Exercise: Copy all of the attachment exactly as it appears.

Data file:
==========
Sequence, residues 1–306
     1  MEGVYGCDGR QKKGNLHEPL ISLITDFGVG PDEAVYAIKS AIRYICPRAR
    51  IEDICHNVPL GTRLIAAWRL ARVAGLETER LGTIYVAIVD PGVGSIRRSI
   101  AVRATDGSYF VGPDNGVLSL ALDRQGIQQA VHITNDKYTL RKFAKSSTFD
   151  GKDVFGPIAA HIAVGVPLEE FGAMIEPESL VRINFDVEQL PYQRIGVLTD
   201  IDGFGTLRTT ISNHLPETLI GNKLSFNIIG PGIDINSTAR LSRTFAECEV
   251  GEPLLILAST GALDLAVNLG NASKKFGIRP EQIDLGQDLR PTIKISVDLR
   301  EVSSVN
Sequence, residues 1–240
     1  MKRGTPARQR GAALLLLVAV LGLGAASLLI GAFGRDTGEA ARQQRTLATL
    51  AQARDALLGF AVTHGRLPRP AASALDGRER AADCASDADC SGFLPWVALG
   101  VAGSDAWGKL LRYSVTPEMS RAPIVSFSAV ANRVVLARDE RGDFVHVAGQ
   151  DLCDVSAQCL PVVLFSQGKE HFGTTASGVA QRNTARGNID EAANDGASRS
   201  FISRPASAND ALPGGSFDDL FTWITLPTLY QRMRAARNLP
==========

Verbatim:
Sequence, residues 1–306
     1  MEGVYGCDGR QKKGNLHEPL ISLITDFGVG PDEAVYAIKS AIRYICPRAR
    51  IEDICHNVPL GTRLIAAWRL ARVAGLETER LGTIYVAIVD PGVGSIRRSI
   101  AVRATDGSYF VGPDNGVLSL ALDRQGIQQA VHITNDKYTL RKFAKSSTFD
   151  GKDVFGPIAA HIAVGVPLEE FGAMIEPESL VRINFDVEQL PYQRIGVLTD
   201  IDGFGTLRTT ISNHLPETLI GNKLSFNIIG PGIDINSTAR LSRTFAECEV
   251  GEPLLILAST GALDLAVNLG NASKKFGIRP EQIDLGQDLR PTIKISVDLR
   301  EVSSVN
Sequence, residues 1–240
     1  MKRGTPARQR GAALLLLVAV LGLGAASLLI GAFGRDTGEA ARQQRTLATL
    51  AQARDALLGF AVTHGRLPRP AASALDGRER AADCASDADC SGFLPWVALG
   101  VAGSDAWGKL LRYSVTPEMS RAPIVSFSAV ANRVVLARDE RGDFVHVAGQ
   151  DLCDVSAQCL PVVLFSQGKE HFGTTASGVA QRNTARGNID EAANDGASRS
   201  FISRPASAND ALPGGSFDDL FTWITLPTLY QRMRAARNLP